I read with great interest "Customer Is Last in Germany" (April 23), not with an interest in regard to lack of service but, rather, with an eye for what effect the closing statutes had on family life in Germany. Although the Germans cannot chase the mighty mark (or sale) on Sundays, it must have some positive effect on family life. It wasn't too long ago that we too had no malls and most stores were closed on Sundays.
I remember Sunday mornings when most of my friends and their families got dressed in their "Sunday best" and went to church in the morning. I remember Sundays as the day we piled into the car, and traveled down Sepulveda Pass to visit my grandparents. We didn't need a birthday, wedding or anniversary party to have a get-together, Sundays provided the time to visit. It was truly a day to relax.
How often do we think, wouldn't it be nice if I had just one day to sit back and do nothing? A day that there weren't any sales that drive us into a frenzy to be the first in line at the cash register. There must be something said about the virtue of having a day off.
MIRIAM J. LEBENTAL
* Hurrah for the Germans!
Coming from a country with similar shopping hours, Spain, and living in the United States, with shops open 24 hours a day, I'd say I'd stick to the German system.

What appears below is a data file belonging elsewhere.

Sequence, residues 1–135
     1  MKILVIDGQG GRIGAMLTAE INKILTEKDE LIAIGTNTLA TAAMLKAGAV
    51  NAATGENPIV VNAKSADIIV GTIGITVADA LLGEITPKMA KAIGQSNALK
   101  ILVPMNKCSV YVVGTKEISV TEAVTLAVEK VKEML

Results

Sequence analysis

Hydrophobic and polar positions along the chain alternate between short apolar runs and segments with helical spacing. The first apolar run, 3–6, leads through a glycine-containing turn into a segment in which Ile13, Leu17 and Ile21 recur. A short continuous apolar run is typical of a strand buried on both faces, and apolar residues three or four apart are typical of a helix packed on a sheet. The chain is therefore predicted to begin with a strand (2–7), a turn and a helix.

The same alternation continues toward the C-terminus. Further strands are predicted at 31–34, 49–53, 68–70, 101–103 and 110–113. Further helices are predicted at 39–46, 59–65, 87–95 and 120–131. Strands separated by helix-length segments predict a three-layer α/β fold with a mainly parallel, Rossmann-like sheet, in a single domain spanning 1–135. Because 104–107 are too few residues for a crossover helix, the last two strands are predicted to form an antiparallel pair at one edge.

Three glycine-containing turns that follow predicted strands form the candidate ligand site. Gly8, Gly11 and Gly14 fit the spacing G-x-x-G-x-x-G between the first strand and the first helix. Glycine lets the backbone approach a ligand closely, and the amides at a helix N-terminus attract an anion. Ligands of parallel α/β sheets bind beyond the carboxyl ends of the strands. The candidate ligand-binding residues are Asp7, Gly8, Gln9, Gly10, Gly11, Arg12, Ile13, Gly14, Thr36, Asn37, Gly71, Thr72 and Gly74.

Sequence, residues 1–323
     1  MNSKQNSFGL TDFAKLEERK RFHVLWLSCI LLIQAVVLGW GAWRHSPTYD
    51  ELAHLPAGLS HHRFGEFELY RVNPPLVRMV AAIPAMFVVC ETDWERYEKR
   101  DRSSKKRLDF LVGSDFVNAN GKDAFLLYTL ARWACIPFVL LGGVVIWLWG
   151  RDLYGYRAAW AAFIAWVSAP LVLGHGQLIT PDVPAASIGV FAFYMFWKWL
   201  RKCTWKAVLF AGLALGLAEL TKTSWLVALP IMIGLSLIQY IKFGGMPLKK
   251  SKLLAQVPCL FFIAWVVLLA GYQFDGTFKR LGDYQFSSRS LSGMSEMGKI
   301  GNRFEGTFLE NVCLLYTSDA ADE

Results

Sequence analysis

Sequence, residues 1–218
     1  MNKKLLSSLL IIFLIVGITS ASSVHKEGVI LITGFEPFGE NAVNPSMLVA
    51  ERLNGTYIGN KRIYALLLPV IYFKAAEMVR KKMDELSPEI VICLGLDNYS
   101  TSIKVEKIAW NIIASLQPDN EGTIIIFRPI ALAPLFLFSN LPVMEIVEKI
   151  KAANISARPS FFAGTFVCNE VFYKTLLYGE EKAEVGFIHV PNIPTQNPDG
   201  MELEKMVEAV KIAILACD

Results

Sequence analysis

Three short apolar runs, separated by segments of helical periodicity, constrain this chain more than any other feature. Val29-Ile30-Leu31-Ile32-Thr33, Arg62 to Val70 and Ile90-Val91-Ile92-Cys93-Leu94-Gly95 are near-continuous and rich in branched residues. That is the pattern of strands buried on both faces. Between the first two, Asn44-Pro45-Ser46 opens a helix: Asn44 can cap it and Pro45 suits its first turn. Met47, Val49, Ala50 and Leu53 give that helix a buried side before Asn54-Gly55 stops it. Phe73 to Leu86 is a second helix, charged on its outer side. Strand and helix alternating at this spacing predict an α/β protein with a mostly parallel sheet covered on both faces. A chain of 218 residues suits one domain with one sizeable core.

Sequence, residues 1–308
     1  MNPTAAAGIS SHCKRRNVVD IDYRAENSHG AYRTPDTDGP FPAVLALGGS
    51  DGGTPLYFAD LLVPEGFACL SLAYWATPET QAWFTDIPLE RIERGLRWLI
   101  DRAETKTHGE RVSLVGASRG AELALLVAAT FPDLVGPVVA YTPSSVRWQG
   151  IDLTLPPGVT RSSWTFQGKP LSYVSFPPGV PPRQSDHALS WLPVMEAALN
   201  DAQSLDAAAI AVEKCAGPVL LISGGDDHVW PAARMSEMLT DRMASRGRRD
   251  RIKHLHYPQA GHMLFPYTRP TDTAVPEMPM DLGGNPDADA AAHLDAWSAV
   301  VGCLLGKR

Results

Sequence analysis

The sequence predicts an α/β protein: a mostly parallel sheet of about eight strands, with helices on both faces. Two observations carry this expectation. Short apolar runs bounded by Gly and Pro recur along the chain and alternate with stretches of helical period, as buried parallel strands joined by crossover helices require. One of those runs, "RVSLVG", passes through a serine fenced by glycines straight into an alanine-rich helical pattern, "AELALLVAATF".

Shopping has become a major source of entertainment and distraction for Americans. It's sad; instead of mingling with people they spend too much time shopping. I miss Sundays, all stores closed, the streets for the people to stroll.
The real buying demand is the same with longer or shorter hours for shops; of course there is the artificial demand for the things we don't really need. People buy way too much in this country.
And also, I would not want the German workers to have the low service salaries, benefits and amazingly short vacations (that goes for all sectors) that many American service workers have.
ELENA DE LA CRUZ
* I would like to add a few observations: To a German it is not "curious" that bakeries are open on Sundays due to the custom of having coffee and cake in the after- noon.
As far as store hours are concerned, former East Germany was more accommodating, and at least a number of grocery stores had longer hours (until 10 p.m.), which was meant to make shopping easier for women who worked outside the home. The measure was obviously still based on the assumption that shopping was "women's work" but at least it might make that task easier technically (the problem there was that the stores were often empty).
Department of Women's Studies
San Diego State